1911 Encyclopædia Britannica/Reventlow, Christian Ditlev Frederick, Count
REVENTLOW, CHRISTIAN DITLEV FREDERICK, Count (1748–1827), Danish statesman and reformer, the son of Privy Councillor Christian Ditlev Reventlow, born on March 11, 1748. After being educated at the academy of Sorö and at Leipzig, Reventlow, in company with his younger brother Johan Ludwig and the distinguished Saxon economist Carl Wendt (1731–1815), the best of cicerones on such a tour, travelled through Germany, Switzerland, France and England, to examine the social, economical and agricultural conditions of civilized Europe. A visit to Sweden and Norway to study mining and metallurgy completed the curriculum, and when Reventlow in the course of 1770 returned to Denmark he was an authority on all the economic questions of the day. In 1774 he held a high position in the Kammerkollegiet, or board of trade, two years later he entered the Department of Mines, and in 1781 he was a member of the Overskattedirectionen, or chief taxing board. He had, in 1774, married Frederica Charlotte von Beulwitz, who bore him thirteen children, and on his father’s death in 1775 inherited the family estate in Laaland. Reventlow overflowed with progressive ideas, especially as regards agriculture, and he devoted himself, heart and soul, to the improvement of his property and the amelioration of his serfs. Fortunately, the ambition to play a useful part in a wider field of activity than he could find in the country ultimately prevailed. His time came when the ultra-conservative ministry of Hoegh Guldberg was dismissed (April 14th, 1784) and Andreas Bernstorff, the statesman for whom Reventlow had the highest admiration, returned to power.
Reventlow was an excellently trained specialist in many departments, and was always firm and confident in those subjects which he had made his own. Moreover, he was a man of strong and warm feelings, and deeply religious.
The condition of the peasantry especially interested him. He was convinced that free labour would be far more profitable to the land, and that the peasant himself would be. better if released from his thraldom.
His favourite field of labour was thrown open to him when, on the 6th of August 1784, he was placed at the head of the Rentekammeret, which took cognisance of everything relating to agriculture. His first step was to appoint a small agricultural commission to better the condition of the crown serfs, and amongst other things enable them to turn their leaseholds into freeholds. Observing that the Crown Prince Frederick was also favourably disposed towards the amelioration of the peasantry, Reventlow induced him, in July 1786, to appoint a grand commission to take the condition of all the peasantry in the kingdom into immediate consideration. This celebrated agricultural commission continued its labours for many years, and introduced a whole series of reforms of the highest importance. Thus the ordinance of 8th June 1787 modified the existing leaseholds, greatly to the advantage of the peasantry; the ordinance of 20th June 1788 abolished villeinage and completely transformed the much-abused hoveri system whereby the feudal tenant was bound to cultivate his lord’s land as well as his own; and the ordinance of 6th December 1799, which did away with hoveri altogether. Reventlow was also instrumental in starting the public credit banks, for enabling small cultivators to borrow money on favourable terms. In conjunction with his friend, Heinrich Ernst Schimmelmann (1747–1831), he also procured the passing of the ordinances permitting free trade between Denmark and Norway, the free importation of corn from abroad, and the abolition of the mischievous monopoly of the Iceland trade.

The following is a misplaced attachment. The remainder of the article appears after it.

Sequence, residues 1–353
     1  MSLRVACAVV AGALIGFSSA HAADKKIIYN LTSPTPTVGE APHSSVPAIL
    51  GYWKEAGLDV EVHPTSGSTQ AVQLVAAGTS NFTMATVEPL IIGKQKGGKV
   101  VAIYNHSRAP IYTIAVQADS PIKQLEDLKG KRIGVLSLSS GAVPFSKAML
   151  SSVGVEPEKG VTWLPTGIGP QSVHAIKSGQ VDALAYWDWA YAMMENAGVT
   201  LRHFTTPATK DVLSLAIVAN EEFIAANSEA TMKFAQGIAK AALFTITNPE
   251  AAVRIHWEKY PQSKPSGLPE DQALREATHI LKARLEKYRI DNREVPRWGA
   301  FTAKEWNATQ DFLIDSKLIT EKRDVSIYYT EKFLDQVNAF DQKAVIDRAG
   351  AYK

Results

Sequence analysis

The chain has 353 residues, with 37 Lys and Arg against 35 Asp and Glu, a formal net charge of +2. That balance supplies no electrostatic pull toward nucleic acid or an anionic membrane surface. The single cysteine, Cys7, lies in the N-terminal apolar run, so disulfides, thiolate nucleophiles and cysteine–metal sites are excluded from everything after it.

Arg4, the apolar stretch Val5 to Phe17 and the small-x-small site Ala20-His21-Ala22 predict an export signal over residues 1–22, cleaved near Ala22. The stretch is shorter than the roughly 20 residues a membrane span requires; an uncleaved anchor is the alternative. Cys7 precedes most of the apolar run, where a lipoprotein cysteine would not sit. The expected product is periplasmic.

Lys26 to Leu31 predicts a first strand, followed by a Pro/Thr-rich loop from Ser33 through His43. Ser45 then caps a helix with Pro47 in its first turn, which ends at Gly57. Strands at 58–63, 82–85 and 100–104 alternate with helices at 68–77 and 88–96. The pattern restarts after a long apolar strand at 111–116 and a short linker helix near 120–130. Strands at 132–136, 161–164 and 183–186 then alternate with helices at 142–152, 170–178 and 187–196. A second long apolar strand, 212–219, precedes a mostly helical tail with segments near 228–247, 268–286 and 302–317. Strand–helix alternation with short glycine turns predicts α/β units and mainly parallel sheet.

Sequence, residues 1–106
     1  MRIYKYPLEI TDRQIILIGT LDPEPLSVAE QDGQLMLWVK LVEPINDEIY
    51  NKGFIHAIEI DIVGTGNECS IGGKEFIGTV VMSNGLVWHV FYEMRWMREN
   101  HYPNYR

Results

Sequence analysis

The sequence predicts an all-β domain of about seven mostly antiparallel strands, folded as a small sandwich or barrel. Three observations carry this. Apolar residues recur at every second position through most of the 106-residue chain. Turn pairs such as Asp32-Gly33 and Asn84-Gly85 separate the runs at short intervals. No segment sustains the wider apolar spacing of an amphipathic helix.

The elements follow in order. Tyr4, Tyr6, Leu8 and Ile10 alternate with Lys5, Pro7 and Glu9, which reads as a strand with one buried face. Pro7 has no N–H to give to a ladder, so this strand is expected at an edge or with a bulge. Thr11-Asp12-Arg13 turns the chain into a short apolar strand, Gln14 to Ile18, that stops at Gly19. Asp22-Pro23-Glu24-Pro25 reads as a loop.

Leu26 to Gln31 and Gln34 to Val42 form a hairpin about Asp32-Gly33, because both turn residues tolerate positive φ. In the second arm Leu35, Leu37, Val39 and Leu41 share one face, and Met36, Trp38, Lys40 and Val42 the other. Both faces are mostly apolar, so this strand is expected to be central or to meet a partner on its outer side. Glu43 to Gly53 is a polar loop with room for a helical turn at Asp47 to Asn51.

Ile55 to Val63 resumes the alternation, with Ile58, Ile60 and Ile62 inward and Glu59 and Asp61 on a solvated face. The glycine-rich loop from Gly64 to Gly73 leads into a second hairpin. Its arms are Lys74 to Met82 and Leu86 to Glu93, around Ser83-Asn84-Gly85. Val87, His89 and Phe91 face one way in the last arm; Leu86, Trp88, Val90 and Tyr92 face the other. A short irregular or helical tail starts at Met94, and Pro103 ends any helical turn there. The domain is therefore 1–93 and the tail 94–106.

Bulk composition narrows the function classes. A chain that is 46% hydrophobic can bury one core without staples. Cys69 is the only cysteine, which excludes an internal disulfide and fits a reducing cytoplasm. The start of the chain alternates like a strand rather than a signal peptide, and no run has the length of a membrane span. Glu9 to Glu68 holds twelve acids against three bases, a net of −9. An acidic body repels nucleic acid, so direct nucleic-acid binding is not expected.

But the financial distress of Denmark, the jealousy of the duchies, the ruinous political complications of the Napoleonic period, and, above all, the Crown Prince Frederick's growing jealousy of his official advisers, which led him to rule, or rather misrule, for years without the co-operation of his Council of State—all these calamities were at last too much even for Reventlow. On 7th December 1813 he received his dismissal and retired to his estates, where, after working cheerfully among his peasantry to the last, he died on the 11th of October 1827.
See Adolph Frederik Bergsöe, Grev. C. D. F. Reventlows Virksomhed (Copenhagen, 1837); Louis Theodor Alfred Bobe, Efterl. Papirer fra den Reventlowske Familiekreds (Copenhagen, 1895-97).